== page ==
In the end, they chose to leave both cars out on used medium tyres when their four major rivals all pitted for new softs under safety-car conditions for the final charge to the flag.

Mercedes, when questioned, will undoubtedly argue that they didn’t have any new softs left so it wasn’t as beneficial to pit, but making sure you have enough tyres left to cover off every scenario in the race where the points count is part of the strategy.

In the end, I think leaving Lewis out was 100% the right call. It gave him track position and his tyre management was better than Valtteri’s in the first stint. That allowed him to finish second instead of what probably would have been fourth or fifth, so it worked out for him.

At the time I thought they made an error by leaving Bottas out and I still believe he would have come out behind Sebastian in second place, with Lewis right behind. They could have swapped the cars around to help Lewis in the championship and had a double podium.

I suppose in the grand scheme of things, it only cost Bottas one place so it’s not the end of the world, but in a championship battle that’s so close and with two teams so evenly matched, those three points could be critical in Abu Dhabi.

Having a weekend off after a tough triple-header is going to be good, especially for the people who have had a tough run in recent races. I think Daniel Ricciardo needs to strike back in his inter-team battle against Max Verstappen.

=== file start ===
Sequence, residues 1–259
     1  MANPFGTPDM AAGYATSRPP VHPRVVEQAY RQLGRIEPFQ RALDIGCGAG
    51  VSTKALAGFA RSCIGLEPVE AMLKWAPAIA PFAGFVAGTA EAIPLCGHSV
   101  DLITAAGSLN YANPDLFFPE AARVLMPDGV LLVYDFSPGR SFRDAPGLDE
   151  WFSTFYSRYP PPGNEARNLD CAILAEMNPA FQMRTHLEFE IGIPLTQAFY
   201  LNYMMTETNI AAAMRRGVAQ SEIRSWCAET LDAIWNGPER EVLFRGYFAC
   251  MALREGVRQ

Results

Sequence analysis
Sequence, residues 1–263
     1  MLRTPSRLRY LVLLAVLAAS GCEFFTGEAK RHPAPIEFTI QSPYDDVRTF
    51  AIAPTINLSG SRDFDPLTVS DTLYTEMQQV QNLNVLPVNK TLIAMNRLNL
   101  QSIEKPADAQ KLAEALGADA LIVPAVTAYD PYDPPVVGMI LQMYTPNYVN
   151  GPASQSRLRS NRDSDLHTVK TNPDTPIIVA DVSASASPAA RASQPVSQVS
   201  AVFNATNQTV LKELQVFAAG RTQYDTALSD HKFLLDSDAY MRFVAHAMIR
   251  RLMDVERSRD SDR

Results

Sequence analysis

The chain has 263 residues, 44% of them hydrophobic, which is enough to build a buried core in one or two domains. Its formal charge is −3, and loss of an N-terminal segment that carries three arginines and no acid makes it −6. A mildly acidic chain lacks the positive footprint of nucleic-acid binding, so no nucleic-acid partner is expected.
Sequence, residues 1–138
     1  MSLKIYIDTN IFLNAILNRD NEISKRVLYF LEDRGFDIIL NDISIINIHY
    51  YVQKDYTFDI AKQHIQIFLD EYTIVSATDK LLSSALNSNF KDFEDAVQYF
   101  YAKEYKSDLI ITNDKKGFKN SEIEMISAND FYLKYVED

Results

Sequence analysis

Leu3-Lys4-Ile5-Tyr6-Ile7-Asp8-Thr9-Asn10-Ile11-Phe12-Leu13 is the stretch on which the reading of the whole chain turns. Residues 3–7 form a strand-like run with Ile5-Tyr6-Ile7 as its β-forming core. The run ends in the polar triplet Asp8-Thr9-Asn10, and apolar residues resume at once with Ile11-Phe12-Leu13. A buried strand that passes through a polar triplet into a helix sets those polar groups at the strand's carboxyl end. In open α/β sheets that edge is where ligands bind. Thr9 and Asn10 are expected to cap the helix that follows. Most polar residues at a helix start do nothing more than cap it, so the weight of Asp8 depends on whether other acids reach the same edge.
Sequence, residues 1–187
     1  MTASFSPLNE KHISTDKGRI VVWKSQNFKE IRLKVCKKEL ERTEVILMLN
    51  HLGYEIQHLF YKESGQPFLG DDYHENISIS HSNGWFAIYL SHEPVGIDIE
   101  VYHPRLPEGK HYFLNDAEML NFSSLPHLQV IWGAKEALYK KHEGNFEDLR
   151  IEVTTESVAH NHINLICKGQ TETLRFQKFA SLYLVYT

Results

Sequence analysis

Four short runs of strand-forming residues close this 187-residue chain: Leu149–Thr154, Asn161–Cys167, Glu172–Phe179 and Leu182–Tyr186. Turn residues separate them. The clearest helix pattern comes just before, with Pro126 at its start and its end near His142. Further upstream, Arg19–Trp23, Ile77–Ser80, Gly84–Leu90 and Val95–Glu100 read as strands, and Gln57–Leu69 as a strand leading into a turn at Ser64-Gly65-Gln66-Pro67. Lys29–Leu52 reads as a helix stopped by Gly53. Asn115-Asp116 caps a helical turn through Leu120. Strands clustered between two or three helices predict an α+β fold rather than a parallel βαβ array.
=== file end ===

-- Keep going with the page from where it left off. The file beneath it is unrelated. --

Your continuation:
Since crashing in Monaco, the Dutchman has bounced back to out-qualify Daniel 4-0 in the past four races and took three podiums along the way, including that win in Austria.

Williams, meanwhile, had a miserable weekend where the rear wing and floor were causing issues when the air had to “re-attach” at the point of closing the DRS, causing both drivers to spin off at high speed.

The team’s aero department really need to have a major think about their direction because, at the moment, it’s not going well.

Stoffel Vandoorne is another man under pressure. I’m personally a bit disappointed for the Belgian. I was a big supporter of his when McLaren signed him up.

His performances in the junior Formula series were brilliant and I spent months telling people last year that he was going to be right up there in the Verstappen/Ocon territory of young future stars.

For whatever reason, it just hasn’t happened for him this year – he’s been out-qualified 10-0 by Fernando Alonso. At Silverstone he looked miles off his team-mate’s pace, and it really does confuse me.

Yes, Fernando is an utterly brilliant double world champion who’s lost none of his speed, but Stoffel isn’t someone I would expect to be so far off his pace. He’s certainly under pressure, with lots of rumours about Carlos Sainz Jnr or Lando Norris replacing him in 2019.

On to Germany next and a return to Hockenheim.

The battle between Ferrari and Mercedes is now super tight and I can’t wait to see how it unfolds in a fortnight’s time!

Read more: Stat Wrap - Seb's significant Silverstone success